As Birmingham City Council prepares to ink a contract to agree a £300 million consultancy package over the next decade, I find myself in agreement with the scrutiny committee on the council wondering why the well-paid managers can't find answers for themselves. According to the review documents submitted to the scrutiny committee, they already have some ideas, but can't possibly develop strategies to achieve their aims without the magicians from Capita or one of the other 'strategic partnerships' on offer.
I'm not saying that there isn't a role for a fresh eye on some subjects, but I'm at a loss to understand why there should be a ten year contract, rather than specific contracts for specific projects. To my mind, the whole business case for involving an outside group should be reconsidered.
I'd also place a bet that one of the chief recommendations of the consultants will be to outsource various aspects of the council's operations and that another branch of the consultancy will be ideally placed to offer a financially-attractive deal (stuff the quality of service). Nick Cohen has an apposite article in the Observer today. We only have to look at the quality of outsourced IT projects delivered by major contractors to understand just how poor a deal the taxpayer and the council employees really get from consultants and their sidekicks. It is arguable that the chief role of consultants is to take the blame for cock-ups and unpopular changes.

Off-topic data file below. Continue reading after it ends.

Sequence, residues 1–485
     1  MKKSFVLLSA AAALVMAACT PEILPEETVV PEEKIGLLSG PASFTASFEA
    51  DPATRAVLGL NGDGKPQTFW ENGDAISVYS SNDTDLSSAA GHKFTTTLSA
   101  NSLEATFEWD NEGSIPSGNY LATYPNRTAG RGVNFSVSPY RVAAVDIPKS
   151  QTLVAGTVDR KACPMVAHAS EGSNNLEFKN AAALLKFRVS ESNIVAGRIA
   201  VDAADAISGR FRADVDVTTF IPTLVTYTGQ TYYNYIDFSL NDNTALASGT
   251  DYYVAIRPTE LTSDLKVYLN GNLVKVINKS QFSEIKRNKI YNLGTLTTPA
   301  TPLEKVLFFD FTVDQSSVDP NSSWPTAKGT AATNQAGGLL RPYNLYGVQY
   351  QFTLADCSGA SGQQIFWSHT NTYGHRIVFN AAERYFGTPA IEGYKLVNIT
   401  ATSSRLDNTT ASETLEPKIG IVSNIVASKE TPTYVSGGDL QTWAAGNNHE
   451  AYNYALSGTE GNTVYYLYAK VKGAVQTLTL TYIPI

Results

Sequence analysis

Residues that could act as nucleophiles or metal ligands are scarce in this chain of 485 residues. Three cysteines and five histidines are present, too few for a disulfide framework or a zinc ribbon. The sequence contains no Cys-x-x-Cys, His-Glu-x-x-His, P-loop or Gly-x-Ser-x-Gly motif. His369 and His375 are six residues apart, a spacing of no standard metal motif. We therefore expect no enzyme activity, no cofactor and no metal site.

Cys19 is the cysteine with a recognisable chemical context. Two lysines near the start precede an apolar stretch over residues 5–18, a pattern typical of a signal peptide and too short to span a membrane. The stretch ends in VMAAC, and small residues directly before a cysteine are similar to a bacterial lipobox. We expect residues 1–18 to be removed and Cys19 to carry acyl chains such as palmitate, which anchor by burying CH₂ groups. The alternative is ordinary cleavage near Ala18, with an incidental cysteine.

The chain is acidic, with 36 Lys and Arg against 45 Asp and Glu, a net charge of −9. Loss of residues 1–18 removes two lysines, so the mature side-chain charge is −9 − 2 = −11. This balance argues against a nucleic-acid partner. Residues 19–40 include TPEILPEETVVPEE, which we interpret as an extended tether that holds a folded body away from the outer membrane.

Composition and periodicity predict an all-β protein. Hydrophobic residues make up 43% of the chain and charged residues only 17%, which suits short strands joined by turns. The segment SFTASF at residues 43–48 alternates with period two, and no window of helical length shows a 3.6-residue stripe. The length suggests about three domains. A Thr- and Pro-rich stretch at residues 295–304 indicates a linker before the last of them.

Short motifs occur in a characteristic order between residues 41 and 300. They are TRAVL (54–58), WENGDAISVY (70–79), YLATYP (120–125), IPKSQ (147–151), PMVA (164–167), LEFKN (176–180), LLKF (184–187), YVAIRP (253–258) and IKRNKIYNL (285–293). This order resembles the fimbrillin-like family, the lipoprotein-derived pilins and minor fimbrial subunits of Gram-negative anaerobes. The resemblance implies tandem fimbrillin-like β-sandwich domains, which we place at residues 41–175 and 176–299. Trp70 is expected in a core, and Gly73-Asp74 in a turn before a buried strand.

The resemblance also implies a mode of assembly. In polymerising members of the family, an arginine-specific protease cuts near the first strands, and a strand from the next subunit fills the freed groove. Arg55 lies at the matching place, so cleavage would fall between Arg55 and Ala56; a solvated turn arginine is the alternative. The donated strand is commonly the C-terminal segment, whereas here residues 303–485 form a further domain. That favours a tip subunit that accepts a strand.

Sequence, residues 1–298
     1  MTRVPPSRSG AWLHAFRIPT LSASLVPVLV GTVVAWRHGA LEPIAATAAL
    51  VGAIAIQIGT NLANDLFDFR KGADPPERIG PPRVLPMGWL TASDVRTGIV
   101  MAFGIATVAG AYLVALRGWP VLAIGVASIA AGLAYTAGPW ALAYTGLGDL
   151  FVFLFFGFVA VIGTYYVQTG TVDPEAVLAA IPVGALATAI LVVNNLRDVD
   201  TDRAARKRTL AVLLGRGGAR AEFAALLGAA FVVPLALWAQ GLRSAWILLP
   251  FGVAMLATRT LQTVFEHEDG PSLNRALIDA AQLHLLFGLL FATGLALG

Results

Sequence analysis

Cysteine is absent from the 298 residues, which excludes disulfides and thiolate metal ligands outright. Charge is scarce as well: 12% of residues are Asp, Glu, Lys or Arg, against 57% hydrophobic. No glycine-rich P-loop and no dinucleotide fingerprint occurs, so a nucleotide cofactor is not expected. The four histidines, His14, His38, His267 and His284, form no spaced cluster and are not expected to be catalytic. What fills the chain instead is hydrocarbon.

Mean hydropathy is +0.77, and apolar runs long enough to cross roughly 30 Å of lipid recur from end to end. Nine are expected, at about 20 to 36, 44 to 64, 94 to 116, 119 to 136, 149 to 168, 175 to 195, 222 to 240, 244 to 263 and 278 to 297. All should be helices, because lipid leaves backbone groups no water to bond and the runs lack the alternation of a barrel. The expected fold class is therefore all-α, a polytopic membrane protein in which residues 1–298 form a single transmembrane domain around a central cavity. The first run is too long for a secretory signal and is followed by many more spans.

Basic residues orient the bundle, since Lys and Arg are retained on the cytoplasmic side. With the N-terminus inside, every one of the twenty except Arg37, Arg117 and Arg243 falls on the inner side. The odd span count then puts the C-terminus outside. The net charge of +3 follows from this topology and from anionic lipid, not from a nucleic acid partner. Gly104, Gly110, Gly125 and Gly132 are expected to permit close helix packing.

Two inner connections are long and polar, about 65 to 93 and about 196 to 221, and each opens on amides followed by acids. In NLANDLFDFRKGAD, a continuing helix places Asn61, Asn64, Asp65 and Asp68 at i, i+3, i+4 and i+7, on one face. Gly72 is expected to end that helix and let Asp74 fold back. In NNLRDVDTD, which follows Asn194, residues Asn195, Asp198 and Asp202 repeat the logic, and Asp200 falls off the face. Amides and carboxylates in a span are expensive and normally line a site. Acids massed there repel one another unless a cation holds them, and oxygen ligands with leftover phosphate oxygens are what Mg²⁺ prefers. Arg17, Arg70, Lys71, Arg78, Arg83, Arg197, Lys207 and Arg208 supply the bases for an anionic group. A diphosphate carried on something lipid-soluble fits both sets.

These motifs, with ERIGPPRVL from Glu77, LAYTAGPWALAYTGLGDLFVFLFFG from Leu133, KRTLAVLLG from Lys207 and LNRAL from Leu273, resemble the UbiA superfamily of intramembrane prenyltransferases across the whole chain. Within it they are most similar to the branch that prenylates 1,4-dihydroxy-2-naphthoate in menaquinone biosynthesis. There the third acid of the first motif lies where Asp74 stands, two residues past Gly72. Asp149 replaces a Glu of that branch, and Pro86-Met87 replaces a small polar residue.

Bluntly, if your managers and their staff can't find cost-neutral service improvements and financial savings or lead through a change process, get some new managers, not some consultants.